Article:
Memorial Day means remembering the fallen who have served out country. Many folks use the occasion to also remember loved ones who have passed into the great beyond.

It is a free country and people are able to use the time on the final Monday of May as they so choose. Over the years, many times a portion of my Memorial Day was spent either in a cemetery or an American Legion hall.

There have also been cookouts and graduation parties, too. However observing the contributions made by loved ones on behalf of our country and remembering their service fills a special cranny in my psyche.

Roll call is especially poignant when the names of the past, many of them a part of so many family trees, are once again spoken to the assembled crowd. My uncles, cousins, friends and acquaintances once again waft through the memories of how my life was impacted by them.

I’m not alone. At the ceremony I would attend, the American Legion Auxillary President would be in charge of roll call. People involved in service starting from the early 20th century or even the late 19th century are at the beginning of the list all the way to those who have passed away more recently.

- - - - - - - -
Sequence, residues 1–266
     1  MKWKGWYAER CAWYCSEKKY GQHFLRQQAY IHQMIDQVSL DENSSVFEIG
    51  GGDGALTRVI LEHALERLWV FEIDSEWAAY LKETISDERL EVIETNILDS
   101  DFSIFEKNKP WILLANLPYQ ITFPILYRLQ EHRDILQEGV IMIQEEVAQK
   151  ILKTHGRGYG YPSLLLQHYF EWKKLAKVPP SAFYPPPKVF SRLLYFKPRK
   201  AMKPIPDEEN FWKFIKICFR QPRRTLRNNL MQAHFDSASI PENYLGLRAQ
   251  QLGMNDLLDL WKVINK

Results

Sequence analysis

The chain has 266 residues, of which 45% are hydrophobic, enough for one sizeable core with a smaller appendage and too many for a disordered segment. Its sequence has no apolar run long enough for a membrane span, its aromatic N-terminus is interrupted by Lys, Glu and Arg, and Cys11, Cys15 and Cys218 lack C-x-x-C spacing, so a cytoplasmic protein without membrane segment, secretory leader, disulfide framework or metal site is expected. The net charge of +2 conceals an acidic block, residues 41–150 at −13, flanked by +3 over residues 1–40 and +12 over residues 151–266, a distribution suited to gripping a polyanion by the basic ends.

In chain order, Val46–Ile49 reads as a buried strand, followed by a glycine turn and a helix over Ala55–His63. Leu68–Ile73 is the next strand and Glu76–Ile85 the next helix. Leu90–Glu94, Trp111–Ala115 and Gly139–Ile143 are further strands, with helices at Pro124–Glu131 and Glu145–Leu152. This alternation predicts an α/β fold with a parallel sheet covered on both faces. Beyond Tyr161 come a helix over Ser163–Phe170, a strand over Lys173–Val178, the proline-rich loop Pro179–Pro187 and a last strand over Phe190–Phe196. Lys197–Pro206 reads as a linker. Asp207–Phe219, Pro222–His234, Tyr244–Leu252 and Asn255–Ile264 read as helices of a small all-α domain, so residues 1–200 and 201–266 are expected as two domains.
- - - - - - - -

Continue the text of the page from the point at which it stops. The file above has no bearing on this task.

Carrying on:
Imagine being the one to intone all those names, knowing your brother was also included among the dead. That’s quite a moment of love for country and family converging in just a few syllables.

All across this nation, the bugles and rifles will salute Memorial Day. Friends, that’s the sound of freedom. Let freedom ring.

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